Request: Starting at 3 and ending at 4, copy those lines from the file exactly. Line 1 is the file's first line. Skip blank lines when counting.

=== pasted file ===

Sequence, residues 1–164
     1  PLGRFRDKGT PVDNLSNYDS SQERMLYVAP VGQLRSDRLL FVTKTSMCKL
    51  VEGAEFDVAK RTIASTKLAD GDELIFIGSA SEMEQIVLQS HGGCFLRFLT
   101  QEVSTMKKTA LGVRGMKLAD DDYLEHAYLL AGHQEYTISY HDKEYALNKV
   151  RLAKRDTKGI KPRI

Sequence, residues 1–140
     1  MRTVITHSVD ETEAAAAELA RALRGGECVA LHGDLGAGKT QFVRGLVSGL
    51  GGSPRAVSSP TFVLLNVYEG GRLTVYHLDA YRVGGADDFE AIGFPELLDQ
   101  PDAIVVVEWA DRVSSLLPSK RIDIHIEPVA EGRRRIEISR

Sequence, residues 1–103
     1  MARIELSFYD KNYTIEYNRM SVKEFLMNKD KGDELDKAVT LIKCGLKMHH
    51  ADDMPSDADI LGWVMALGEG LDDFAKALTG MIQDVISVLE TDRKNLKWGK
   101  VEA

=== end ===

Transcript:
    51  VEGAEFDVAK RTIASTKLAD GDELIFIGSA SEMEQIVLQS HGGCFLRFLT
   101  QEVSTMKKTA LGVRGMKLAD DDYLEHAYLL AGHQEYTISY HDKEYALNKV